November 8, 2002 - PCOL Exlcusive: Ghana I RPCV Bob Klein collects Peace Corps Oral Histories

Peace Corps Online: Peace Corps News: Headlines: Peace Corps Headlines - 2002: 11 November 2002 Peace Corps Headlines: November 8, 2002 - PCOL Exlcusive: Ghana I RPCV Bob Klein collects Peace Corps Oral Histories

By Admin1 (admin) on Friday, November 08, 2002 - 9:43 am: Edit Post

The Peace Corps Oral History Project

Caption: Richard Cándida Smith, Berkeley’s new Regional Oral History Office director, has a vision for the future, in which the oral history collection is more tightly woven into the tapestry of teaching and research on campus.

Ghana I RPCV Bob Klein collects Peace Corps Oral Histories

Read and comment on this story from the Ghana I RPCV Bob Klein on the work he is doing to create an oral history of Peace Corps Volunteers and what you can do to get involved at:

What is a Mythographer? *

* This link was active on the date it was posted. PCOL is not responsible for broken links which may have changed.

What is a Mythographer?

Bob Klein (Ghana 1961-63)

I was a Peace Corps Volunteer in 1961 with the first project to go overseas --- Ghana I. Years later, in retirement, I thought it would be worthwhile to try to tell our story and I began to travel throughout the U.S., tracking down others in the group, plus our field staff, training faculty, and even those deselected. Whenever possible, I taped oral history interviews with each, focusing on their experiences in the Peace Corps. Researching the book also took me to the Kennedy Library in Boston and the National Archives in Washington.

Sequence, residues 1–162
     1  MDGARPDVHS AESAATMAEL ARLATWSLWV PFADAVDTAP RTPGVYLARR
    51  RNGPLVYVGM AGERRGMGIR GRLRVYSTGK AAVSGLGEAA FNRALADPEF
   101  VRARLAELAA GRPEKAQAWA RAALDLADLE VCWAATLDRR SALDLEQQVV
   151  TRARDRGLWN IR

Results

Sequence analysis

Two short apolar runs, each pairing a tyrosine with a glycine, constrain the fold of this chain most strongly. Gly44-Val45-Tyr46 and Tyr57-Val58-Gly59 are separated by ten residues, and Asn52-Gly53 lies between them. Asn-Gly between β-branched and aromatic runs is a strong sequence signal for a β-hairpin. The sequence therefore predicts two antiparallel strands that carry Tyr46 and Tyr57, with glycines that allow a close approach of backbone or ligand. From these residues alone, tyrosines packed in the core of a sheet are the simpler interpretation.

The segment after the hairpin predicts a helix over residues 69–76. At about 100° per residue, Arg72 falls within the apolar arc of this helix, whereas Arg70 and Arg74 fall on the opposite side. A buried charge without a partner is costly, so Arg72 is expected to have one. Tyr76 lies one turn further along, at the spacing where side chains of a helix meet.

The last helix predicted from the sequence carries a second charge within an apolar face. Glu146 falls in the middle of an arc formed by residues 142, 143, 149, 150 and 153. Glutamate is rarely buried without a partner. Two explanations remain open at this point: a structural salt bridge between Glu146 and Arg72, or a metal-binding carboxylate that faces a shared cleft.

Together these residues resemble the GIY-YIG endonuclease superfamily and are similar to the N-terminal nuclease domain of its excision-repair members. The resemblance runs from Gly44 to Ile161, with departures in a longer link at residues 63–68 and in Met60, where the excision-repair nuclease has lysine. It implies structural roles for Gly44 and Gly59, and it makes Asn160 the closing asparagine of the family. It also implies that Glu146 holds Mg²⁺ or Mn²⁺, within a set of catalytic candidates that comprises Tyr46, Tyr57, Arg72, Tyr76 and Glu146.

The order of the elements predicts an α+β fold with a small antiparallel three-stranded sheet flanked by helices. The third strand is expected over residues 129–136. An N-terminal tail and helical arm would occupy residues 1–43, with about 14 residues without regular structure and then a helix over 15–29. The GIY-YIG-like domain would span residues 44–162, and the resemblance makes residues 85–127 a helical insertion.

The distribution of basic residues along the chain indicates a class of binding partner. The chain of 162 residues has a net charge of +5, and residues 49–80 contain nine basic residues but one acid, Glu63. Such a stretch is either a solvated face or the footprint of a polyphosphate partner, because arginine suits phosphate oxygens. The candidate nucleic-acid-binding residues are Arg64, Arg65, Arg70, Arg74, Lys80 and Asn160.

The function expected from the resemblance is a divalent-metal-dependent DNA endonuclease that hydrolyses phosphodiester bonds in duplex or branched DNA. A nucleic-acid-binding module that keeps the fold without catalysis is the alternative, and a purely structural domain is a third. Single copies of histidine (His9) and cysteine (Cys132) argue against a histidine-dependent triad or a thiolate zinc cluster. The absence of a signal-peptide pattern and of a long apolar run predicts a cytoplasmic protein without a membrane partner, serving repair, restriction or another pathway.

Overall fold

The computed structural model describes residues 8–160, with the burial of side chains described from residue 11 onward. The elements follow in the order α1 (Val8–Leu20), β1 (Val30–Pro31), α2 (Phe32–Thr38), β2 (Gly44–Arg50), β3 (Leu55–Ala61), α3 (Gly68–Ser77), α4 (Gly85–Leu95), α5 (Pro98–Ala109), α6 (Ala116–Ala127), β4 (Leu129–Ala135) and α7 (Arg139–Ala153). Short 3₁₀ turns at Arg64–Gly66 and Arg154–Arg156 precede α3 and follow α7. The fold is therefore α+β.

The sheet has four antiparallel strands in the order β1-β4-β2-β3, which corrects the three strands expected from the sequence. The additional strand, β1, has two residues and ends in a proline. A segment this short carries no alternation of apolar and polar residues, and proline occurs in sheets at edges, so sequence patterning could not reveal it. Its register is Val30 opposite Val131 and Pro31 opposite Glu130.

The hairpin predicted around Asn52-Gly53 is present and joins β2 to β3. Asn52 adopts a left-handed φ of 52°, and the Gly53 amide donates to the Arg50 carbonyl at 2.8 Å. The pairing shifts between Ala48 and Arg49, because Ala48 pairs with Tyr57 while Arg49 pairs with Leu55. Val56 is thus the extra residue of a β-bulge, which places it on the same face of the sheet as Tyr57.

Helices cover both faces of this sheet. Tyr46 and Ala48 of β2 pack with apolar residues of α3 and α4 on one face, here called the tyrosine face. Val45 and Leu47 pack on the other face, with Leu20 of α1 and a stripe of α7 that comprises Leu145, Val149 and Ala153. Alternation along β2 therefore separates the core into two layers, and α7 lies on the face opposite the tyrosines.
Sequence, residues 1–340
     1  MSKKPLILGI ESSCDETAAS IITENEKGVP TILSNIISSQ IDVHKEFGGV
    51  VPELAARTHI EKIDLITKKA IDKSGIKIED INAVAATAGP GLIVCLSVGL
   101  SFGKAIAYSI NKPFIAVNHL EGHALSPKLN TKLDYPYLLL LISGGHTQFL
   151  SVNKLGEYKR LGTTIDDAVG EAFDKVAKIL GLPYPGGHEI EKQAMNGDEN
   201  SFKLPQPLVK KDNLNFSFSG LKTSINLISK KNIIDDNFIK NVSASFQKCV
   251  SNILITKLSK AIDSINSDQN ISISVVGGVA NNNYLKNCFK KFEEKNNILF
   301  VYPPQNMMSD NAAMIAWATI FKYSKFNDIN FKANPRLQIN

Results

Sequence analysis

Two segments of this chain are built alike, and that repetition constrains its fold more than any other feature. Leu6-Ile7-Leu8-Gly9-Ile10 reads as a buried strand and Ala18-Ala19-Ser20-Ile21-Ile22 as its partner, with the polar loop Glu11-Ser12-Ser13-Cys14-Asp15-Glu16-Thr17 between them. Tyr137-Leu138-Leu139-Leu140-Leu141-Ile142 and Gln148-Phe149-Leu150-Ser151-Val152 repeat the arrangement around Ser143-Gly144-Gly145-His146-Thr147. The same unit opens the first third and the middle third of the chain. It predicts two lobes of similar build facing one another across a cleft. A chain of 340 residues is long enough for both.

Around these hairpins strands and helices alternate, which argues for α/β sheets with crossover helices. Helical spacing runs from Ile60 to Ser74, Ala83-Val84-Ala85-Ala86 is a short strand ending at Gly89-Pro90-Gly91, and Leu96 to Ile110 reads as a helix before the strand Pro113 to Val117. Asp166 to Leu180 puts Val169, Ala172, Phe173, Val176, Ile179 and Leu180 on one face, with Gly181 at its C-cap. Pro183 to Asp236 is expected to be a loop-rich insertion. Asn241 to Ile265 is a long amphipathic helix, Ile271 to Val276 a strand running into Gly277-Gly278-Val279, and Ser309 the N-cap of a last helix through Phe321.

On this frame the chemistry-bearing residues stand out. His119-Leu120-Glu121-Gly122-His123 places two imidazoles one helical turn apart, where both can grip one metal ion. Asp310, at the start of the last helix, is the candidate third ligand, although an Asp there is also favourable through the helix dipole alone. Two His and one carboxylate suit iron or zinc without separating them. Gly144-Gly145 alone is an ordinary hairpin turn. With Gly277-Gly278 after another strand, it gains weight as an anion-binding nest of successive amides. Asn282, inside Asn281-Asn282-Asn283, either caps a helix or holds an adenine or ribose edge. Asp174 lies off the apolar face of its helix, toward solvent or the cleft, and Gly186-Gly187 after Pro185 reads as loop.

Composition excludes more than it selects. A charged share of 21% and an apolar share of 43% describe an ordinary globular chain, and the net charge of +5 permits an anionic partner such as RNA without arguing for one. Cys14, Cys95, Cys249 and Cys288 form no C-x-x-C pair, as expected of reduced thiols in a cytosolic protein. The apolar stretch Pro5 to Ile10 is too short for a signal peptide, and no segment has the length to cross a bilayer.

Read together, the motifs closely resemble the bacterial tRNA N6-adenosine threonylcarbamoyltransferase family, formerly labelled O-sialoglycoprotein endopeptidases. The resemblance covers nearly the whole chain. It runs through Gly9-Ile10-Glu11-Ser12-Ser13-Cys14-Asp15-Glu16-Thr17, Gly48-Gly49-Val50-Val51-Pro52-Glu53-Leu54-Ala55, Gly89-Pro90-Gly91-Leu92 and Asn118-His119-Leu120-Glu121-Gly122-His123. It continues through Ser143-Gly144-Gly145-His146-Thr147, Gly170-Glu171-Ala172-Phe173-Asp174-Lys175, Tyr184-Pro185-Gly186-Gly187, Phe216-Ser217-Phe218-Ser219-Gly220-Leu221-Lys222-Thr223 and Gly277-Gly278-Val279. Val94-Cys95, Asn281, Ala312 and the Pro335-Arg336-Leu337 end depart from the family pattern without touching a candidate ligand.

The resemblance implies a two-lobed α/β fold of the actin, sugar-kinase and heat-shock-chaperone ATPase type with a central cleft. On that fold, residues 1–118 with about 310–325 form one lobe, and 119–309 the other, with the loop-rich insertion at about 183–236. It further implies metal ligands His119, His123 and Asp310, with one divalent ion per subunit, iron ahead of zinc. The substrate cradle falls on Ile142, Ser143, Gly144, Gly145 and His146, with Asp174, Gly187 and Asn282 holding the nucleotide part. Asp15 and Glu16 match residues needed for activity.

When the manuscript was finished, I realized that, whether the book got published or not, I had collected a considerable amount of excellent archival material, especially the tapes. In doing research, I learned that existing archives contain much about Peace Corps as a government agency and many other materials focusing on the administrative center and the administrators, such as Shriver, Wofford, Moyers. But, it was only in the Returned Peace Corps Volunteer Collection at the Kennedy Library that the stories and voices of the volunteers were preserved. Here the focus was the field, not headquarters. However, the Collection was somewhat skimpy. Putting all this together, I decided to donate the tapes to the Collection (interviewees had signed waivers already to that effect) and to work with the Archivist to develop a project that would reach out to all RPCVs and significantly strengthen the archives at the Kennedy Library. This was the genesis of the RPCV Archival Project.